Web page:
By default, Cisco switches will auto-negotiate the speed and duplex settings. When you connect a device (either a switch, router, or a workstation) to a port on a Cisco switch, the negotiation process will occur and the devices will agree on the transmission parameters. Most of the today’s network adapters support this function.
Consider the following example network:
In the picture above you see a network of a hub, a switch, and a workstation. All three devices have auto-negotiation turned on. Because hubs can only operate in half duplex, the switch and hub will negotiate to use the speed of 100 Mbps and half-duplex. The workstation on the right is capable of 100 Mbps and supports full duplex, so the devices will use these parameters to communicate.
We can verify the speed and duplex settings using the show interface command on SW1:
SW1#show interface Fa0/1 FastEthernet0/1 is up, line protocol is up (connected) Hardware is Lance, address is 0009.7c66.6401 (bia 0009.7c66.6401) ... Half-duplex, 100Mb/s ... SW1#show int fa0/2 FastEthernet0/2 is up, line protocol is up (connected) Hardware is Lance, address is 0009.7c66.6402 (bia 0009.7c66.6402) ... Full-duplex, 100Mb/s ...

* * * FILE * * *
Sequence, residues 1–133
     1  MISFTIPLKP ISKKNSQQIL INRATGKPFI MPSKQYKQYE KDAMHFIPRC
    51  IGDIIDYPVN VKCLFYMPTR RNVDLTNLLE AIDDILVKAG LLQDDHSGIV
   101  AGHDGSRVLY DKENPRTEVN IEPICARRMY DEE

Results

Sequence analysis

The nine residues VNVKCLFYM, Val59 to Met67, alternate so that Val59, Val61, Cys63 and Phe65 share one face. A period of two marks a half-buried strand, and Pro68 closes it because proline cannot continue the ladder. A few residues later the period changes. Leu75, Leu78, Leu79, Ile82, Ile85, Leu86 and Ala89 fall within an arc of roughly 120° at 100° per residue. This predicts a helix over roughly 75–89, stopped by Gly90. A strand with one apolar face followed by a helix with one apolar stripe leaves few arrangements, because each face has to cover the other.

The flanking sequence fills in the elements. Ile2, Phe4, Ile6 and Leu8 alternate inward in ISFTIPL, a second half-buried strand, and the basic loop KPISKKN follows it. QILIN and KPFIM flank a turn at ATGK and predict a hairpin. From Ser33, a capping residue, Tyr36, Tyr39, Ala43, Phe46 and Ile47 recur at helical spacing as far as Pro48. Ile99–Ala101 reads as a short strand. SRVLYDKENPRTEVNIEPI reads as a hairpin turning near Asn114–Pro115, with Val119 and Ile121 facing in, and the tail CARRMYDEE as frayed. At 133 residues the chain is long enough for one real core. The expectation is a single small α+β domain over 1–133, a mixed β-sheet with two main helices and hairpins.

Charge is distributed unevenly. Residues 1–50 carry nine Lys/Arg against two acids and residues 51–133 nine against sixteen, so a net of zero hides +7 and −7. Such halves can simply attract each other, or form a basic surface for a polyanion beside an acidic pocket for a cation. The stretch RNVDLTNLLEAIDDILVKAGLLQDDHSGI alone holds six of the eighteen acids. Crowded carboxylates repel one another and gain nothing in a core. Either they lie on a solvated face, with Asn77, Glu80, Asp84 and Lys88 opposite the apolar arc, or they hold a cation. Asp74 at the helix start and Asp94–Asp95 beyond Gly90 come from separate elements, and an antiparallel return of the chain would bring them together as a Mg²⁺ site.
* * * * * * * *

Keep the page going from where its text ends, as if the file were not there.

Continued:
As you can see from the output above, the interface Fa0/1 will use the speed of 100 Mbps and half-duplex. The Fa0/2 interface will use the same speed, but it will use the full duplex communication.
It is recommended that devices on both sides of a link should have the auto-negotiation setting turned on, or both sides should have it off. If you encounter a device that has speed and duplex parameters manually configured, you can use the interface mode speed and duplex commands to set the duplex and speed settings, e.g.:
SW1(config)#int Fa0/3 SW1(config-if)#speed 100 SW1(config-if)#duplex full
When one device uses autonegotiation and the other one has disabled it, the device using autonegotiation will choose the default duplex setting based on the current speed. The defaults are:
- If the speed is not known, 10 Mbps and half duplex settings will be used.
And If the device successfully senses the speed without IEEE autonegotiation, by just looking at the signal on the cable.
- If the speed is 10 or 100 Mbps, use half duplex.
- If the speed is 1,000 Mbps or faster, use full duplex.